(From The Brock News, April 25, 2019 | By: Sarah Ackles)

    What’s it like to create a photographic archive of plant seeds and tissue samples that could one day ensure humanity’s very survival?

    What about travelling the world to capture award-winning images of the rapidly melting polar ice caps or soldiers in conflict zones?

    Students in Brock’s Introduction to Digital Photography class learned all of this and more, directly from creative professionals this past semester.

    Thanks to an Experiential Education Teaching and Learning Innovation Grant, Assistant Professor Amy Friend was able to invite six professionals in the field of photography from around the world to visit her class via video chat.

    British-American artist Phillip Toledano, pictured on screen, was one of six artists who participated in student-conducted interviews as part of Assistant Professor Amy Friend’s Introduction to Digital Photography class. The Visual Arts students were given the opportunity to interact with these creative professionals thanks to an Experiential Education Teaching and Learning Innovation Grant.

    Visual Arts students researched and subsequently interviewed guest speakers one-on-one, before ending each session with a group discussion.

    The exercise provided valuable insight into the artistic process and the challenges involved with working in different areas of photography, Friend said.

    “The students responded quite well; you could see a sense of excitement,” she said. “They heard interesting stories about how artists work through their processes and different insights about how and why specific choices are made, and the methods used to get this work out into the world.”

    Participating artists included Dornith Doherty, a professor and Guggenheim Foundation Fellow from North Texas who documents and collages plant seeds and tissue samples in her Archiving Eden project; Cig Harvey, an artist whose work has been exhibited at major museums and collections in the United States and Europe;  Spanish artist Alfonso Almedros; award-winning photojournalist Louie Palu, whose work has been featured in National Geographic and numerous international collections; Jacqueline Bates, Photography Director of The California Sunday Magazine; and British-American mixed-media artist and author Phillip Toledano.

    Fourth-year Visual Arts student Rachel McCartney was tasked with interviewing Toledano, whose work is similar to what she aspires to create herself one day.

    “Interacting with visiting artists in a classroom setting was an extremely useful and gratifying experience,” she said. “It allowed for direct one-on-one communication and to dissect the brain of someone who is a successful future version of what I aspire to be.”

    The grant was one of 18 that were awarded in 2018-19 to support the development of new experiential learning courses and experiential opportunities within existing courses.

    The Teaching and Learning Innovation Grants were supported financially by Experiential Education at Brock and external funding through the province’s Career Ready Fund.

    Sandy Howe, Associate Director, Experiential Education, said the new interview series went “above and beyond” expectations and offered a “highly impactful” experiential learning opportunity for participating students.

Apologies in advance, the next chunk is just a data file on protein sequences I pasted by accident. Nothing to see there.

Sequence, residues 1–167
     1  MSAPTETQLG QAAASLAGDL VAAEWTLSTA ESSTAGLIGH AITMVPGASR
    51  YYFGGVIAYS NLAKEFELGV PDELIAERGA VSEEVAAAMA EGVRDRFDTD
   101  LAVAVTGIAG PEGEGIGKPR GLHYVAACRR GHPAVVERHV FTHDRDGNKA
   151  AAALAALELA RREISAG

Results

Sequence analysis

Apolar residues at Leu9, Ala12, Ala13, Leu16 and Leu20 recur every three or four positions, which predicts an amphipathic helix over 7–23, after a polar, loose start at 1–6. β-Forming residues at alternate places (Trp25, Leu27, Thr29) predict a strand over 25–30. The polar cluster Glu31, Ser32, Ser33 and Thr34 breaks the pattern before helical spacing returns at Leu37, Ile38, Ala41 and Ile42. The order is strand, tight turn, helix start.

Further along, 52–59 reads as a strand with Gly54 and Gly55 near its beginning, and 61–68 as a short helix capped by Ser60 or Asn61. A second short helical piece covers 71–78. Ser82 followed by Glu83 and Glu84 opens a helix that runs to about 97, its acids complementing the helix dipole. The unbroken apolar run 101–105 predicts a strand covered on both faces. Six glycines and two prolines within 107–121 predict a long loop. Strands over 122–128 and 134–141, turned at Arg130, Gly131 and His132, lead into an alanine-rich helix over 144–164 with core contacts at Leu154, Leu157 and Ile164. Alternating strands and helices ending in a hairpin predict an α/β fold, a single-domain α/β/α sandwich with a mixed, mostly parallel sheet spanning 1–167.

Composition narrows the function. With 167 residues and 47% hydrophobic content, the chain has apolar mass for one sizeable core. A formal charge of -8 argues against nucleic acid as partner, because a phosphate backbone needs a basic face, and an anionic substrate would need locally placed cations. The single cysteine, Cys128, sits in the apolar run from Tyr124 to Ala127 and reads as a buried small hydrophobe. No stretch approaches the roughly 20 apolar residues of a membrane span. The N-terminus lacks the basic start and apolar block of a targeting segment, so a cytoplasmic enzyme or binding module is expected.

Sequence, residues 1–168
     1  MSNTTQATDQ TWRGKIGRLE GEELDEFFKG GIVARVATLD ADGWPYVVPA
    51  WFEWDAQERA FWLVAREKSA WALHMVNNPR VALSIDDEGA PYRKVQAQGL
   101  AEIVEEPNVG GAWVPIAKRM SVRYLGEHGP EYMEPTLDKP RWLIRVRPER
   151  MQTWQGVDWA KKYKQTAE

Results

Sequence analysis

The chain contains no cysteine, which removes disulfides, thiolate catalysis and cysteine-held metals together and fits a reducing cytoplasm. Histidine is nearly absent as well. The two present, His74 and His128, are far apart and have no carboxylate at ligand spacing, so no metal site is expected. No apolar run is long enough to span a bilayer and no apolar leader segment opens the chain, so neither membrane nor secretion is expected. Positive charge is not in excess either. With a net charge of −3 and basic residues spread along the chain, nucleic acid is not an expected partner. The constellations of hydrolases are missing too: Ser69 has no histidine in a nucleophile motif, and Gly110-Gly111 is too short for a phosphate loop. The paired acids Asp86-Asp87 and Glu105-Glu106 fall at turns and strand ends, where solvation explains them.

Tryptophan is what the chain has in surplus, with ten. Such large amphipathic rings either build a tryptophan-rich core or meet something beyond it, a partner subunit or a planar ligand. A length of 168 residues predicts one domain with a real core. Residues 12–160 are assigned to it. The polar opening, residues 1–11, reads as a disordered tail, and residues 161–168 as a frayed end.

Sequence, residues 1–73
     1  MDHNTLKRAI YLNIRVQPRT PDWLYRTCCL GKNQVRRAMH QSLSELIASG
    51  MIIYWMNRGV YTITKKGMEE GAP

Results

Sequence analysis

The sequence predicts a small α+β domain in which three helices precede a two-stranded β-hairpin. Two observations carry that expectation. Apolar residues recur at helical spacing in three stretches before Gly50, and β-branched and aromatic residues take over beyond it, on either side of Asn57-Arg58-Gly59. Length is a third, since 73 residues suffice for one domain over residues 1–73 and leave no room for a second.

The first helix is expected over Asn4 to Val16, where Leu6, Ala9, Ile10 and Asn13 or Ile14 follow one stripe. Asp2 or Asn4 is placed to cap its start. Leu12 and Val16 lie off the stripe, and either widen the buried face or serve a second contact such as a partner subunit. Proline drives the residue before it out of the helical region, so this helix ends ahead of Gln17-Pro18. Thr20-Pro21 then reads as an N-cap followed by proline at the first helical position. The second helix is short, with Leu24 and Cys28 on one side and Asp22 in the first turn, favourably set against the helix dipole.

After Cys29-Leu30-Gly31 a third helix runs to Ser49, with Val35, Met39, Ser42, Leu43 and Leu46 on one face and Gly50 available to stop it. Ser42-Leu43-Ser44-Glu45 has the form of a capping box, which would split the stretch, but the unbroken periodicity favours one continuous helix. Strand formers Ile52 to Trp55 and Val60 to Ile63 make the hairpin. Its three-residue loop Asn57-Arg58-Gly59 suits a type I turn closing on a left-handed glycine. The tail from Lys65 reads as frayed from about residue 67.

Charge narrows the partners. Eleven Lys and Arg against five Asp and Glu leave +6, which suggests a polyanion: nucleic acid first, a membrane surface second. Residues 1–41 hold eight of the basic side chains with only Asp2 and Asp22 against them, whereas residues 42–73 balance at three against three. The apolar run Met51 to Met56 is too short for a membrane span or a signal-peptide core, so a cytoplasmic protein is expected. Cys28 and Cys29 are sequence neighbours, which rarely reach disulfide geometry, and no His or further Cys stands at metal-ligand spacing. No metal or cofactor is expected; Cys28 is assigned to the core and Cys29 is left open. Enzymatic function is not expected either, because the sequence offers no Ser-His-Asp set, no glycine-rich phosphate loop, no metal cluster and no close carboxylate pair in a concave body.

“It’s always amazing to me to see faculty members trying something new in their courses and how this impacts their own learning and engagement with their teaching,” she added. “This is an excellent example of how different types of experiences can be used to improve both teaching and learning.”

    Friend said the calibre and range of artists who participated also exposed students to the range of career opportunities that exist for someone with a Fine Arts and Photography background.

    “It was one of the best things I’ve ever experienced in my teaching strategies,” she said. “I was stunned by how much information the students were able to learn in a short period of time.”

    For McCartney, the experience armed her with more confidence as an artist and a wealth of advice for ensuring success in her future career.

    “I find it really important that we constantly look for new ways to teach and learn because it promotes better student engagement,” she said. “Actively changing the curriculum to integrate new ways of learning creates a more personalized education that is beneficial to students. I’m very thankful to the artists who participated and immensely thankful for Professor Friend for organizing this experience.”

    Tags: , , , , , , , ,
    Categories: Current Students, Faculty & Instructors, News

  • Artistic alumni to host vacation-themed exhibition downtown

    Brock grads Katie Mazi (BA ’16), Jenn Judson (BA ’16), Matt Caldwell (BA ’16), Ben Mosher (BA ’15) and Alex Muresan (BA ’16) make up the art collective Permanent Vacation. The artists will be exhibiting new work in All Expenses Paid, opening on Thursday, Jan. 31.


    (From The Brock News, January 29, 2019 | By: Sarah Ackles)

    The Permanent Vacation art collective is inviting the public to experience the sights and sounds of a tropical getaway – without spending a cent.

    The group, made up of Brock alumni, is presenting its second exhibition, All Expenses Paid, at the Marilyn I. Walker School of Fine and Performing Arts (MIWSFPA) beginning Thursday, Jan. 31. An opening reception for the showcase will be held Thursday, Feb. 7 from 5 to 8 p.m.

    All Expenses Paid is a multimedia exhibition featuring photographs, videos, an installation and a zine. The artists will also create a studio space inside the exhibition, where emerging local artists can work if they cannot access their own studio space due to economic barriers.